I’ve been working on something that I think can only be made the way I designed it by molding. I have no molding experience so I was hoping someone could talk a little about their experience with molding parts. How’s it done? How did it turn out? The only wheels I’ve seen molded before are the AndyMark ones.
Moldings represent a very large investment, both monetary and in time.
You will need to machine a mold for your wheel. This is not simple, and will cost a LOT of money for you to have a shop make (Likely more time than if you just CNC machined however many wheels you want to make).
You’ll then need someone to injection mold your wheels. This will also be quite expensive.
Molding is really not something you do for onesies and twosies. If you’re getting something injection molded, you’re making thousands of them. Any less, and you cannot justify the cost involved.
If you really want to learn more about molding as an off-season project, and are serious about the endeavor, then go for it!
There’s a lot more concerns about molding, mainly being that production of only a few units is very cost prohibitive when it comes to fabricating the mold, but if you are serious then seek out individuals or companies which fabricate molded parts and ask them. The worst that can happen is that you end up having to make it millable, and the best case is that you’ll have plastic wheels in your hands.
At the very least you can learn more about the injection molding process.
Thanks guys, I think I’m going to make another revision of the wheel that can be CNC’d . I might try to get one done on a rapid prototyper though. That’d be a cool thing to try out (an alum at MIT can do it for me).
Any and all other suggestions are welcome.
What problems would a CNC face while trying to machine this with the curvature of the faces? That’s the only thing I don’t know about since I personally haven’t done anything on a CNC yet.
It would take a really long time. fillets in inside corners are no problem, but fillets of faces are difficult. You either need to be able to use a corner rounding end mill, or you have to 3d contour the surface to get the desired radius. In general avoid corner rounds on any machined parts whenever you can.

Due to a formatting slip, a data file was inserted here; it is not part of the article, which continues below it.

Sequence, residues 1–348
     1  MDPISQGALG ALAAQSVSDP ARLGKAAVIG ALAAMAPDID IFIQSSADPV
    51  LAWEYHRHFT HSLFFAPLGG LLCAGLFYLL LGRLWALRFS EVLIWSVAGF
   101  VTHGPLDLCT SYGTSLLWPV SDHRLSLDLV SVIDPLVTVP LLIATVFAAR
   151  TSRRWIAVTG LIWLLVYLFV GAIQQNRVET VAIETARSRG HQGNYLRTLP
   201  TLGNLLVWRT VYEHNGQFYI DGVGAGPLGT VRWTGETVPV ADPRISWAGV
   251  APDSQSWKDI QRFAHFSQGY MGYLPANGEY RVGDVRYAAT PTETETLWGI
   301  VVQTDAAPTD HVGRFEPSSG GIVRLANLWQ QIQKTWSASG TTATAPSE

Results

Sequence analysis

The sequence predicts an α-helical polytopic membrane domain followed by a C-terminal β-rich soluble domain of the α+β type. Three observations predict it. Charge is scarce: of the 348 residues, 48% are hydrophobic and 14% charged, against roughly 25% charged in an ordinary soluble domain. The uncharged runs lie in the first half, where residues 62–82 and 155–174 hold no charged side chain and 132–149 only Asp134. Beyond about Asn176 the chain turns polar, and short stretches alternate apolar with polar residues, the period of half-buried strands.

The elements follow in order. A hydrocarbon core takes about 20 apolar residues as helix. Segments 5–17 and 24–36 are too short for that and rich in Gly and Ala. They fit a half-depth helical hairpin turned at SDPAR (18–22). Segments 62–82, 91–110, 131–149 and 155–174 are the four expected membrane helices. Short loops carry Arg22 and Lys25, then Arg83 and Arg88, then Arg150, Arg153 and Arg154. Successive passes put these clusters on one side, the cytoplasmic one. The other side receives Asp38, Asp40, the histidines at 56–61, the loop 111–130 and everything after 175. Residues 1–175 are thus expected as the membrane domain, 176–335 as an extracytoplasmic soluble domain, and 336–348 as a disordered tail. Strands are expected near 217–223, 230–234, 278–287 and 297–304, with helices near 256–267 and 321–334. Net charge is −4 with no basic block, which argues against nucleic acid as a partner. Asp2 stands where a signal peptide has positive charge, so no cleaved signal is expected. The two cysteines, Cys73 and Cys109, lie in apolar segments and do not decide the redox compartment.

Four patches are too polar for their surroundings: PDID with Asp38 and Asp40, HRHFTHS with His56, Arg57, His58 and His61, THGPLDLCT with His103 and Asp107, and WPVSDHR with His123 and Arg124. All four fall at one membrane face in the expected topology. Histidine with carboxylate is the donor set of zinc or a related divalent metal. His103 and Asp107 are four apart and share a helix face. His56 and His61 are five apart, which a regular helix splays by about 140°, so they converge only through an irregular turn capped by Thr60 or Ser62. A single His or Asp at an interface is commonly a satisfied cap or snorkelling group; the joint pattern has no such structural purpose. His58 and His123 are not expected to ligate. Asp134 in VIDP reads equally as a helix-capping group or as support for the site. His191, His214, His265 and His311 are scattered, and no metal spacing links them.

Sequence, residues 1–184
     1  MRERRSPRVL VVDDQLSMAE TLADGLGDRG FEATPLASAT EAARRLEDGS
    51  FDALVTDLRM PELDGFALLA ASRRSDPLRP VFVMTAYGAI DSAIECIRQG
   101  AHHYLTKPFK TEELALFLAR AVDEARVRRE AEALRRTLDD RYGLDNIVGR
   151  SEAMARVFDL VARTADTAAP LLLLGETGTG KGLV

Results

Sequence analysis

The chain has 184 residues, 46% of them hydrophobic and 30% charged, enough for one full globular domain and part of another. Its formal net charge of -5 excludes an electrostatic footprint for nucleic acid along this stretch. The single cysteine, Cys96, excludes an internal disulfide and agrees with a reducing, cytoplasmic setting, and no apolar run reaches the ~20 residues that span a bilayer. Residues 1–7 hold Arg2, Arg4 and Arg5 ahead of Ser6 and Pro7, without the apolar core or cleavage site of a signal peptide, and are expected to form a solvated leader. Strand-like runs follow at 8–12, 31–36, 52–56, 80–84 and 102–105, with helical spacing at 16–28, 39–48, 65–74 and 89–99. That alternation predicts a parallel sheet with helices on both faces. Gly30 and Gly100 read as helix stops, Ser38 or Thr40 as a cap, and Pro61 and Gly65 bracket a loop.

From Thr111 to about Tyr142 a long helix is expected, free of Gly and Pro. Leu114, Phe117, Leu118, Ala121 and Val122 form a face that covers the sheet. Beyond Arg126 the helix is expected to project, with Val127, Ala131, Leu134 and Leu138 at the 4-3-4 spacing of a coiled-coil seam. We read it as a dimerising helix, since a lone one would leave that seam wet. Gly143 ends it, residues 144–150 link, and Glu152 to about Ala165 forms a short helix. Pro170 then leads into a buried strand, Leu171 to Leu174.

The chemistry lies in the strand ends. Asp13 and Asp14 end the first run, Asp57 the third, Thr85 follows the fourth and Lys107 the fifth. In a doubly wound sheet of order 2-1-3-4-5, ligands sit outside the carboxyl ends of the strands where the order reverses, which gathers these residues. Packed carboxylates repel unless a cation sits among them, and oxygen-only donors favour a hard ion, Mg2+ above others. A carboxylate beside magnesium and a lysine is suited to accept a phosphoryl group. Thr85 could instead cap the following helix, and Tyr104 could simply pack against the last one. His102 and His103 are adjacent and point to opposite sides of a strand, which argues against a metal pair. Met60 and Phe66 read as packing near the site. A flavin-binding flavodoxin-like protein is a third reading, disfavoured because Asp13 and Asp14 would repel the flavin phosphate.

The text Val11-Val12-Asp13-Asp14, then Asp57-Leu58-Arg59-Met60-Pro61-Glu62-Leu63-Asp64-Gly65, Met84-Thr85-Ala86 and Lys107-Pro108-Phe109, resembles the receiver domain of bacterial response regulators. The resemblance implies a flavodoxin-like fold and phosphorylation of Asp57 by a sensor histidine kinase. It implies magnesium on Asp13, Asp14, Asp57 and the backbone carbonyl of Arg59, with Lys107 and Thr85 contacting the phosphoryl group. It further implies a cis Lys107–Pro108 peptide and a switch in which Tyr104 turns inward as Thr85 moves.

now now now…lets not jump ahead of ourselves here.
By molding…what do you mean? Cory explained spot on the difficulty with injection molding. Money, time, actual injection…feasibility wise I would say close to impossible for a FIRST team, on any budget.
However, I’ve made wheels before by molding them myself. Silicone and urethane are 2 wonderful materials you can use. Making a silicone mold is fairly easy…getting them to fill properly is a lot more difficult, but not out of the realm of possibility for anyone with some kind of mechanical inclination.
I’d say for almost any wheel you make, your going to want to use a split mold. If you can gain access to a 3D printer of some sort I can tell you a VERY easy way to make a split mold (This is what I do all the time at work).
Once the mold is done, you should be able to get 10 or more wheels out of it as long as you take care of it properly.
You could go as far as to mold the hub, and then mold the rubber around the hub in a separate mold (yeah that’s right, no nitrile). The nice thing about this is you can dial the durometer to exactly what you want.
If you have any more questions about this feel free to ask me and I’ll gladly help you out.
One final note…keep in mind, if your making a wheel out of some sort of plastic, it is going to be lighter than an aluminum wheel (if you make the same exact shape), however it may not be as strong. Keep that in mind…you may need to balance some of your weight savings with material to your weight savings of mechanical design.